Iichirō Hatoyama, Ichirō's only son, made a career for himself as a civil servant in the Budget Bureau of the Finance Ministry. Iichirō retired after having achieved the rank of administrative Vice Minister. In his second career in politics, he rose to become Foreign Minister of Japan in 1976–1977.[7]

One of Ichirō's grandsons, Yukio Hatoyama, became prime minister in 2009 as a member of the Democratic Party of Japan.

Political career[edit]

Ichirō was elected to the House of Representatives as a Rikken Seiyūkai member in 1915. He was about to become prime minister in 1946, but was barred from politics for five years by Supreme Commander Allied Powers because they thought he had co-operated with the authoritarian government in the 1930s and 1940s.[8] He was allowed to return in 1951. As prime minister in 1955, he rebuilt diplomatic ties with the Soviet Union,[9][10] and favored parole for some of the Class A war criminals who had been sentenced to life imprisonment by the Tokyo Trial.[11]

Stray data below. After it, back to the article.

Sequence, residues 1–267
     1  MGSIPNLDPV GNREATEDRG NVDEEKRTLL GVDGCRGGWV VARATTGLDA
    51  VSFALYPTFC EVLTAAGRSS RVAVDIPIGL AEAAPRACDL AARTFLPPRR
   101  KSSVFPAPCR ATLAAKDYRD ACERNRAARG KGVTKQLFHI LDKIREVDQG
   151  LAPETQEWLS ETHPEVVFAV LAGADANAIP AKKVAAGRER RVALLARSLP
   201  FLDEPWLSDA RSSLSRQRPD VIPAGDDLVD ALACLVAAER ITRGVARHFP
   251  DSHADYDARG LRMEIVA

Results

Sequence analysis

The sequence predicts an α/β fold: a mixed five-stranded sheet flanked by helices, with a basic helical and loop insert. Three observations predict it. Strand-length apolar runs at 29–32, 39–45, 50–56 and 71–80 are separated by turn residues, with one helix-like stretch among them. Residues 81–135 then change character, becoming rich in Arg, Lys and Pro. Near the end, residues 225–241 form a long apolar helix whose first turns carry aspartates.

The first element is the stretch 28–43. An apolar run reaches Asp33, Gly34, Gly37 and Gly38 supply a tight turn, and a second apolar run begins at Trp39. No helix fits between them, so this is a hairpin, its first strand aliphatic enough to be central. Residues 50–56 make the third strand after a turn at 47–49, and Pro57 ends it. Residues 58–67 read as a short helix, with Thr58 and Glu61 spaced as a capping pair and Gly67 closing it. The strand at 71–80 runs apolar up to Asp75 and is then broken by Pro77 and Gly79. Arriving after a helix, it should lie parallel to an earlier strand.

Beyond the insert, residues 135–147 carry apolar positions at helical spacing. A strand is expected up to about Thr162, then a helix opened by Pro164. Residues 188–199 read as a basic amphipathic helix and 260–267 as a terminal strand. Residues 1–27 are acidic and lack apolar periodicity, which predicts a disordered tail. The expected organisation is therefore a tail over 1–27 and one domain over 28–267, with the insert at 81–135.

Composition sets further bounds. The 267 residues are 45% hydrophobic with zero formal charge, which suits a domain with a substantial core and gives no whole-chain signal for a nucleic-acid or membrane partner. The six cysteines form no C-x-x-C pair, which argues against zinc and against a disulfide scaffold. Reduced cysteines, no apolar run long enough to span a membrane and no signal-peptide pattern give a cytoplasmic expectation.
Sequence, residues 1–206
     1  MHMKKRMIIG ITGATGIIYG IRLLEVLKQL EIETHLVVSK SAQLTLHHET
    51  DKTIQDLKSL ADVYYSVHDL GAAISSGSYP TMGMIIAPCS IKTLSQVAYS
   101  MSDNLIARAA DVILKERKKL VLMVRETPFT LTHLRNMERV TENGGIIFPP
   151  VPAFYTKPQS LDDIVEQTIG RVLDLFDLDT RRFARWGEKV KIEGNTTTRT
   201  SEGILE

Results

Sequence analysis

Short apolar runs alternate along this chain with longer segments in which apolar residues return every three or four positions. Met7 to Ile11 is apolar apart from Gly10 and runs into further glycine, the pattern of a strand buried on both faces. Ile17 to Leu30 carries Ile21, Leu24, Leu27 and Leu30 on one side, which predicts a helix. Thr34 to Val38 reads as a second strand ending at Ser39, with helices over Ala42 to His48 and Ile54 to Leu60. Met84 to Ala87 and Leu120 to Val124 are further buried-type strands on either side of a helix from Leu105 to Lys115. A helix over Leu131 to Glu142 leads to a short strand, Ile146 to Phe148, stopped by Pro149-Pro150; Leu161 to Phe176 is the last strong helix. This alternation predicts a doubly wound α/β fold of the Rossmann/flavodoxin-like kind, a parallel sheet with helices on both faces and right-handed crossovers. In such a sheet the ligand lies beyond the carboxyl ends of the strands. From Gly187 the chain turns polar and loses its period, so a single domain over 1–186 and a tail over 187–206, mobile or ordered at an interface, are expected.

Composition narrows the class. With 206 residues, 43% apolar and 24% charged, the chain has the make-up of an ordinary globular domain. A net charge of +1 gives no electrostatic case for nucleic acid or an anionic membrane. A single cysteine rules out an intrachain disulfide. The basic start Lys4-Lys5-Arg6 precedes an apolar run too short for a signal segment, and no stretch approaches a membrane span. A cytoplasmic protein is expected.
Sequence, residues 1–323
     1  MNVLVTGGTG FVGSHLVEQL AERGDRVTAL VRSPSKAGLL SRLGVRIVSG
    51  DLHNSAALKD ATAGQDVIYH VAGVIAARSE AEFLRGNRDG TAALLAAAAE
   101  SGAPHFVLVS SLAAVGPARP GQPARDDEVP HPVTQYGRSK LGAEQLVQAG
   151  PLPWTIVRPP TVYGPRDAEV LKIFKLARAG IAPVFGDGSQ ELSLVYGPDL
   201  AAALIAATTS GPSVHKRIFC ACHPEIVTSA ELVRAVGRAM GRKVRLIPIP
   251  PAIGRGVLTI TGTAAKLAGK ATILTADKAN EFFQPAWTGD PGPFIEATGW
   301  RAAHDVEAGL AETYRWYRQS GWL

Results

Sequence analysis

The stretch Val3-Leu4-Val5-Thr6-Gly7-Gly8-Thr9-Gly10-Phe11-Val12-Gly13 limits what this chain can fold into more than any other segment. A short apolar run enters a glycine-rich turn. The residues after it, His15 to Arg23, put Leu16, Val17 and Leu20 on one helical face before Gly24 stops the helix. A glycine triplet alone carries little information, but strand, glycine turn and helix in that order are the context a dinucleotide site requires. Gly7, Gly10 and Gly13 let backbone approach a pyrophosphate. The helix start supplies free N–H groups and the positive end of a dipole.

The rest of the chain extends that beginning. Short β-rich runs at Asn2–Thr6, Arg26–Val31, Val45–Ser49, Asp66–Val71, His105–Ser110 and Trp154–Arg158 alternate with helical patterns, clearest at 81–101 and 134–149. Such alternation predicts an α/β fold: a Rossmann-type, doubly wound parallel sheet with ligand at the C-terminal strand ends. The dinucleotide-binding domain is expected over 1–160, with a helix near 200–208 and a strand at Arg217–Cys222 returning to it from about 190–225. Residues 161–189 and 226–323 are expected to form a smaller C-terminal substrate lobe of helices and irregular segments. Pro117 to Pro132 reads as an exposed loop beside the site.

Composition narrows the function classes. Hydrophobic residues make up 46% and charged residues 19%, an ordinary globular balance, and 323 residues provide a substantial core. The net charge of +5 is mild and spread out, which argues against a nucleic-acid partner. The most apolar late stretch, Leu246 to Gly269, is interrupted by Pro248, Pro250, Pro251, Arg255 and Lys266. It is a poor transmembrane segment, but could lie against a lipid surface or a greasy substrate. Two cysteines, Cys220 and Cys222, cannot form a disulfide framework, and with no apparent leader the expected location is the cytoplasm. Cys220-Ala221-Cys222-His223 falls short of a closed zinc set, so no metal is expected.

CIA files that were declassified in 2005 and then publicized in January 2007 by the U.S. National Archives detail a plot by ultranationalists to assassinate then prime minister Shigeru Yoshida and install a more hawkish government led by Ichirō Hatoyama in 1952.[12] The plot was never carried out.

Hatoyama family and freemasonry[edit]

Kaoru, Iichirō, Ichirō, and Yukio.